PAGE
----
Jean Taylor’s life was blissfully ordinary. Nice house, nice husband. Glen was all she’d ever wanted: her Prince Charming. Until he became that man accused, that monster on the front page. Jean was married to a man everyone thought capable of unimaginable evil. But now Glen is dead and she’s alone for the first time, free to tell her story on her own terms. Jean Taylor is going to tell us what she knows. Bantam Press, an imprint of Transworld are hoping this will be its successor to The girl on the train.
Marie is a waitress at an upscale Dallas steakhouse, attuned to the appetites of her patrons and gifted at hiding her private struggle as a young single mother behind an easy smile and a crisp white apron. It’s a world of long hours and late nights, and Marie often gives in to self-destructive impulses, losing herself in a tangle of bodies and urgent highs as her desire for obliteration competes with a stubborn will to survive. Shortlisted for the 2015 PEN Literary award for debut fiction.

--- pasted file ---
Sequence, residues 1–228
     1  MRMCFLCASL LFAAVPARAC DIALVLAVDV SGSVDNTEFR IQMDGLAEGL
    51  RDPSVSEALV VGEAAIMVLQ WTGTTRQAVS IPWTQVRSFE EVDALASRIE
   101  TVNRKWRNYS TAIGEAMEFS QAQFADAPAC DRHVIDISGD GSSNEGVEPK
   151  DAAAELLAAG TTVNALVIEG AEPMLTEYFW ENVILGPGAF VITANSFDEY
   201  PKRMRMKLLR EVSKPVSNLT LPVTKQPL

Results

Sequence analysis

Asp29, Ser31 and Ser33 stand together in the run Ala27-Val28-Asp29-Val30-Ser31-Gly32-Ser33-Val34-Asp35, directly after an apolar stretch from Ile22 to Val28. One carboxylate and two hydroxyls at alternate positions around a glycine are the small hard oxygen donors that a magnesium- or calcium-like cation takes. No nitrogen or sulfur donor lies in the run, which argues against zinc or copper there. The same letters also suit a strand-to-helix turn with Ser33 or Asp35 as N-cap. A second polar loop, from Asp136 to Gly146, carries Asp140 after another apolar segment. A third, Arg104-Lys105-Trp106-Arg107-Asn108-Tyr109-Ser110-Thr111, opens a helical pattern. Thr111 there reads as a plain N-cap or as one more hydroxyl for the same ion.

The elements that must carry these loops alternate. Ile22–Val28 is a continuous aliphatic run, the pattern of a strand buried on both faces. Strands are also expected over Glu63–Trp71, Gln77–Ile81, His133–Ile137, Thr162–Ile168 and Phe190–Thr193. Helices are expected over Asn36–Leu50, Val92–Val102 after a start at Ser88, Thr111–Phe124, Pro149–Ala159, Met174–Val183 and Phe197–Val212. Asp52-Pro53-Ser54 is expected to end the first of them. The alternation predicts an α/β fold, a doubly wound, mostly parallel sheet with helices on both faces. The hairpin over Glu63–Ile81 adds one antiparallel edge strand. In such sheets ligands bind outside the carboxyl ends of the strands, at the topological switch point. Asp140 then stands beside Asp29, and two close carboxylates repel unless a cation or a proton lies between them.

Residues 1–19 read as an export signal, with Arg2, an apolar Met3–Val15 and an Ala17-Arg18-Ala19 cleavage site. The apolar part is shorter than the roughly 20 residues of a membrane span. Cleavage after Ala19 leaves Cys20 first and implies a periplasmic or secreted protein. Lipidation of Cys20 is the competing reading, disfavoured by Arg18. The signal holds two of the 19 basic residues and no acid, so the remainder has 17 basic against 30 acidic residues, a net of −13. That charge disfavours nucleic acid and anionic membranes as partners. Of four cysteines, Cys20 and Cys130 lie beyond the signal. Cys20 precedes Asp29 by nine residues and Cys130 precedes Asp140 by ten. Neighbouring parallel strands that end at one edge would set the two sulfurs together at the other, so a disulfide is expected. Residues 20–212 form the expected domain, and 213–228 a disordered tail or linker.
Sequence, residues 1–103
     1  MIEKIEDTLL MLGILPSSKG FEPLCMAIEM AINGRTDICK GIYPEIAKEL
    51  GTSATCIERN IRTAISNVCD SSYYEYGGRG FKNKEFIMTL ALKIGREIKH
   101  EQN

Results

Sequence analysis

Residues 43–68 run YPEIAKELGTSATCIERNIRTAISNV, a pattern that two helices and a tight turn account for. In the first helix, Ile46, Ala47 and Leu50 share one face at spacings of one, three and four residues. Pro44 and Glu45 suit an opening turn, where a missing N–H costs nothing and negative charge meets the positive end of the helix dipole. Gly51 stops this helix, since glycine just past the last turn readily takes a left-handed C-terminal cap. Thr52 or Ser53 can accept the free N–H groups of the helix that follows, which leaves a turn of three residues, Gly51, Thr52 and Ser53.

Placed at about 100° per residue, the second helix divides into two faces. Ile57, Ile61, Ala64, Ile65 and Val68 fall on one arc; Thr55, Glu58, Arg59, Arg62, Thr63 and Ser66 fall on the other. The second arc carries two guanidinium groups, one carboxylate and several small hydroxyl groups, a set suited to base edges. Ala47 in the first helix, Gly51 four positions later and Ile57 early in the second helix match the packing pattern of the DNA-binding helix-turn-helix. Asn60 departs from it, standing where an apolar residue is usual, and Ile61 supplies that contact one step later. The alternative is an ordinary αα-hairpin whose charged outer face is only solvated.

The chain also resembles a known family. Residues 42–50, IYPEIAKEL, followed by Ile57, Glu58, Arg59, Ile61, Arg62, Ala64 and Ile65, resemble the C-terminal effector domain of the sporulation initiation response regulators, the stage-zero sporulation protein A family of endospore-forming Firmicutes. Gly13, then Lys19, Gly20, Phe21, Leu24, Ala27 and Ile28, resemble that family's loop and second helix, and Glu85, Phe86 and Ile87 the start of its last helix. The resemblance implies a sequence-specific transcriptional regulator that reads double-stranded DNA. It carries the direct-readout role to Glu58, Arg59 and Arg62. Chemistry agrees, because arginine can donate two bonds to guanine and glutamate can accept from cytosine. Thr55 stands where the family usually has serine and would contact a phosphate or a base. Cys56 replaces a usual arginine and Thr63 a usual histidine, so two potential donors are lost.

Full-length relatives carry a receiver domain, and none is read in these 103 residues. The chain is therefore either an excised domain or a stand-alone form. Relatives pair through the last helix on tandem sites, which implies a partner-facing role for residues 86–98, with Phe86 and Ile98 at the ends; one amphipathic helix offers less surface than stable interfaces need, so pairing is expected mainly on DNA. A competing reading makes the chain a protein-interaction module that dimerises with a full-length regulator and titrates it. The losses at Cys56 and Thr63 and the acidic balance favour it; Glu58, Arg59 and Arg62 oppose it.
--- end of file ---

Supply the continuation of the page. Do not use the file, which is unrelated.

England, 1976. Mrs Creasy is missing and the avenue is alive with whispers. As the summer shimmers endlessly on, ten year olds Grace and Tilly decide to take matters into their own hands. And as the cul-de-sac starts giving up its secrets, the amateur detectives will find much more than they imagined. Warm, funny and very British, this looks like a future book group favourite.
Headline know a thing or two about publishing fiction. This is their big debut for 2016 — author Sarah Duguid has already been signed up for future titles. Look at Me tells the story of a young woman dealing with her mother’s suicide and the secrets that come to light afterwards.